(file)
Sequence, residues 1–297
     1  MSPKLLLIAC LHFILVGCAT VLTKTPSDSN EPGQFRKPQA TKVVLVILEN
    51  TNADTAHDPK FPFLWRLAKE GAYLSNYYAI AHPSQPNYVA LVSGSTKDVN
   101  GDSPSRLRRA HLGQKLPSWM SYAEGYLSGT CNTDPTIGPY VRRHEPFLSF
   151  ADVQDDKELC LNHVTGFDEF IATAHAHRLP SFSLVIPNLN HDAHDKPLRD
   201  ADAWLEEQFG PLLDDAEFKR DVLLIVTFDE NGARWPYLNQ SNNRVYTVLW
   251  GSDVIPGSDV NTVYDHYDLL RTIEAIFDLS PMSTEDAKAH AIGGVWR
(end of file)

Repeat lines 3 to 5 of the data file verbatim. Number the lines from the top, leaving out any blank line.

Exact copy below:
    51  TNADTAHDPK FPFLWRLAKE GAYLSNYYAI AHPSQPNYVA LVSGSTKDVN
   101  GDSPSRLRRA HLGQKLPSWM SYAEGYLSGT CNTDPTIGPY VRRHEPFLSF
   151  ADVQDDKELC LNHVTGFDEF IATAHAHRLP SFSLVIPNLN HDAHDKPLRD